[Related post here.]
[Related post here.]
The Ohio State University Marching Band (aka, The Best Damn Band In The Land) has a raccoon named Bon Qui Qui for a mascot. Thanks to all the Buckeye fans who inadvertently gave us a traffic spike of almost 5x normal yesterday. [Related posts here.]
Monumental Land Art in the U.S. Sorry, but I don’t consider a trench in the desert “Art,” but some of these are kinda cool.
There’s a Robert Redford movie coming out soon about Dan Rather, CBS and the Killian Documents Forgery Scandal. Here’s a breakdown of how the fraud began to unravel and who actually uncovered it.
She’s inane. She’s vapid. She’s @SocalityBarbie.
Attach a corn cob to a long fishing pole, swing it at a rubber chocolate donut and try to avoid hitting a bunch of protesters with placards on sticks in a field. That’s Hornussen, aka Swiss Golf.
How about a Little Turtle Face?
Old Lady Chic: Wearing the 60’s in their 70’s.
There’s a bizarre history to that familiar song credited to The McCoys, and it traces to Dorothy Sloop of Steubenville Ohio who became a New Orleans singer and piano player with the stage name “Sloopy.” The song was originally recorded by The Vibrations in 1963, predating the McCoys’ version:
So how did a 60s soul group from LA decide to sing about a girl who moved to New Orleans?
“Sloopy” was Dorothy Sloop, a Bourbon Street piano player. Born Sept. 26, 1913, in Steubenville, she performed at a New Orleans nightspot under the stage name Sloopy.
‘Hang on Sloopy’ was written by Bert Russell Berns and Wes Farrell, two New York City songwriters. Berns also wrote The Isley Brothers and Beatles hit Twist and Shout. Farrell went on to become the musical brains behind the Partridge Family.
The song was originally recorded as My Girl Sloopy by the Los Angeles R&B vocal group the Vibrations. It debuted in April 1964 in the Top 40 of the Billboard pop chart, where it spent five weeks and reached No. 26.
A rock version, ‘Hang on Sloopy,’ was recorded by the McCoys, a Dayton garage band led by Celina native Rick Zehringer. Locally, the band was known as Rick and the Raiders, but it changed its name to avoid confusion with chart-toppers Paul Revere and the Raiders. Hang On Sloopy debuted in September 1965 in the Top 40 of the Billboard pop chart, where it spent 11 weeks and reached No. 1.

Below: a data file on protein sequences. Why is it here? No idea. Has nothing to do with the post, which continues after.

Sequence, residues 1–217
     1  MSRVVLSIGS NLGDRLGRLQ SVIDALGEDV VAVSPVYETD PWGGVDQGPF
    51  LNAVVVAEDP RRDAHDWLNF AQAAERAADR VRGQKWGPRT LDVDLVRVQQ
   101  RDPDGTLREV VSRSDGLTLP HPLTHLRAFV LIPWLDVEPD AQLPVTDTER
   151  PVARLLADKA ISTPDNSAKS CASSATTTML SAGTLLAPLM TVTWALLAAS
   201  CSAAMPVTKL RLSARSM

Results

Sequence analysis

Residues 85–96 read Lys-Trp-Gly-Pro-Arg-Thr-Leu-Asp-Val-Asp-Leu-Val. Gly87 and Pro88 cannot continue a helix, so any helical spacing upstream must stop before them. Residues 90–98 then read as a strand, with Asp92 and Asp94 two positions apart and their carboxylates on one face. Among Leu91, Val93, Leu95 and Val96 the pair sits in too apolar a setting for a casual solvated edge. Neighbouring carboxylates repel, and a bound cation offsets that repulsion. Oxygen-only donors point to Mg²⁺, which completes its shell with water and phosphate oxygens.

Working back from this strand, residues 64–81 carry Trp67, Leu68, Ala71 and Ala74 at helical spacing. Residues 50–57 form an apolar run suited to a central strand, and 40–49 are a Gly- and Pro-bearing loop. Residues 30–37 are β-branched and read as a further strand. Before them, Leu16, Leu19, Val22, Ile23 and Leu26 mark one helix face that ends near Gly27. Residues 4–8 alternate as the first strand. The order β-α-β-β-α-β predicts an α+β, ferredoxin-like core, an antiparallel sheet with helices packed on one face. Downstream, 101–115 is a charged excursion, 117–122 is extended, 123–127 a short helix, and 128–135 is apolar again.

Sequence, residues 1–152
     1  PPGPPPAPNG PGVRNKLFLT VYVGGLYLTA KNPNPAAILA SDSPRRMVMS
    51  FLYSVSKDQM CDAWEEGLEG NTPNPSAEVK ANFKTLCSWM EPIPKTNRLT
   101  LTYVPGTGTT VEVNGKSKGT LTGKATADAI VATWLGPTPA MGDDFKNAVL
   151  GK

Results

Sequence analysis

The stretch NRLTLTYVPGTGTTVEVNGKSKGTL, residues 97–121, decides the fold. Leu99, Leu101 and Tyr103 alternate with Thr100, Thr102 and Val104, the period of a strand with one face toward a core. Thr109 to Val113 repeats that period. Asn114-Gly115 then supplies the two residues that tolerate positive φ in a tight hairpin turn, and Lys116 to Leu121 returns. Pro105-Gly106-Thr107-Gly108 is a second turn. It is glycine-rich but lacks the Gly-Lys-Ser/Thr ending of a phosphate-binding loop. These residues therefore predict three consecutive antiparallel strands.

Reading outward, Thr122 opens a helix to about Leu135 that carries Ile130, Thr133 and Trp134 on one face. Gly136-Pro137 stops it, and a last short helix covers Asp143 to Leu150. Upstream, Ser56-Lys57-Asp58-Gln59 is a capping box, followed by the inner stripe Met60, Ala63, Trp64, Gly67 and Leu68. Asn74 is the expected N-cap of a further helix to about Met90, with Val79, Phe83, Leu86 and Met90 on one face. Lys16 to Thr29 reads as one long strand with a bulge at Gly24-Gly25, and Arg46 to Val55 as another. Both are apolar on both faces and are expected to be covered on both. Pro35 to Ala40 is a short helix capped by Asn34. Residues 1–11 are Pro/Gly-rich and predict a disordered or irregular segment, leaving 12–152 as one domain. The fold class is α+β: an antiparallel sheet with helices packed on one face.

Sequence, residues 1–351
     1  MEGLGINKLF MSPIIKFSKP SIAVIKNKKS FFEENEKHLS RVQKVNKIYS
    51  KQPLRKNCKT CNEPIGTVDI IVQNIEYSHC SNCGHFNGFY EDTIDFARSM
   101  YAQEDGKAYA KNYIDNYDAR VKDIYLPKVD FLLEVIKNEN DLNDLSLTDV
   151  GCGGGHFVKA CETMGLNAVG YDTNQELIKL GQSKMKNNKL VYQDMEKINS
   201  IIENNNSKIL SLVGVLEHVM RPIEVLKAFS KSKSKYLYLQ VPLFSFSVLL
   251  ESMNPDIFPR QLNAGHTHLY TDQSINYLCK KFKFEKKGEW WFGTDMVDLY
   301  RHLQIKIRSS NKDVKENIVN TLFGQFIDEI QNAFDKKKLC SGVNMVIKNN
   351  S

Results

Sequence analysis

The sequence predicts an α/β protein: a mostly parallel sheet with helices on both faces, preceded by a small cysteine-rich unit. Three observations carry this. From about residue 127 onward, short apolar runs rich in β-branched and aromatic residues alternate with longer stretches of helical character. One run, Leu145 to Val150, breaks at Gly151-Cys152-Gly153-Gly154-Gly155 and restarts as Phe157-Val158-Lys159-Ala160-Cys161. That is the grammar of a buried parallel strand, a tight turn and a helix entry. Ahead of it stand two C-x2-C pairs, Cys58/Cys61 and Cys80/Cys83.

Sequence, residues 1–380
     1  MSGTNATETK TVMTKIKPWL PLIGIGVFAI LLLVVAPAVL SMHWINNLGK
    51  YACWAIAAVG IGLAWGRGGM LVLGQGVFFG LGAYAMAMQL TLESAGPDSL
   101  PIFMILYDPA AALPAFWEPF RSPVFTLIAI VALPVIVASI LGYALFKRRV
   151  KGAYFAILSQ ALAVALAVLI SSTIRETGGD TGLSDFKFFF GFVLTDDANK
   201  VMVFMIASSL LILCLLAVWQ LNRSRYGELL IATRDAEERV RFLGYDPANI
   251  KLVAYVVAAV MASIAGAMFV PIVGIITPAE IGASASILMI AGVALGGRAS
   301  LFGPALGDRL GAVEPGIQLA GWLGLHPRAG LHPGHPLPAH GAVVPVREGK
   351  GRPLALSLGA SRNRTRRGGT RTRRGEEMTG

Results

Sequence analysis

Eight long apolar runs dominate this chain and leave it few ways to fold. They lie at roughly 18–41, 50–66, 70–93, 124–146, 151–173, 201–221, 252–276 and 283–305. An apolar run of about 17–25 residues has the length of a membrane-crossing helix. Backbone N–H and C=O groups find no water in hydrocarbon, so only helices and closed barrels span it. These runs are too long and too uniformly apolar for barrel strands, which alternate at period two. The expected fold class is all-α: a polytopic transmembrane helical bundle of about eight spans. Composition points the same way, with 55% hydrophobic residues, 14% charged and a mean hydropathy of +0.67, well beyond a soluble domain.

Rick Zehringer later changed his name to Rick Derringer and became one of the top rock guitarists and producers of the 1970s. He recorded with the Edgar Winter Group and scored a 1974 solo hit with Rock and Roll, Hootchie Koo. [More at this source]
“Dixie” Fasnacht operated a bar called Dixie’s Bar of Music on Bourbon Street in New Orleans. It was there that Dorothy’s acquaintance and co-writer of “Hang On Sloopy” Bert Berns-Russell found the inspiration for the song. During problems with the sound equipment and a crowd getting rowdy, he heard a regular call out to her “Hang on, Sloopy!” [Source]
I couldn’t find a recording of either Dottie Sloop or Yvonne “Dixie” Fasnacht, but there has to be a copy of the album in someone’s basement somewhere. One more piece of trivia: Ohio is the only State to have an Official State Rock Song.
The Best Damn Band In The Land adopted “Hang On Sloopy” as a signature song for the times when OSU was down a few points, and their a capella version is classic.
Have a great holiday weekend, folks.
The McCoys had a hit with 1964’s “Hang On Sloopy” and Sloopy was a hottie in this vid. The Ohio State Marching Band (aka TBDBINTL) coopted the song, and did their version, a capella, followed by the instrumental version, and recorded it ca.1970 on “Buckeye Battle Cry.”
Nice mashup of 60s TV with The Gentrys‘ 1965 hit “Keep On Dancing.” The song was released about the same time I fell in love with Ronnie Specter who told me she wanted to be my baby whoa oh oh oh oh.
“Blues For Juarez.” Texas roadtrip vid featuring The Iguanas has a nice slow groove. I got the ice, you got the beer, and the tunes are locked and loaded. Let’s roll.
Have a great weekend, folks. Be back here tomorrow.
Got an eclectic mix as WorpDress went down for an oil change during my Friday evening Utoob trolling.
Bunk didn’t attend OSU, but both Papa and Mama Strutts did. The Best Damn Band in the Land is all chrome-plated brass, no weeny woodwinds there.
“Stardust” is the most often recorded song of all time. Here’s Chet Atkins & Stanley Jordan’s version.
This is amazing. 15 year old Desiree Bassett effortlessly shreds LedZep’s “Rock & Roll” in front of an embarrassing Sammy Hagar.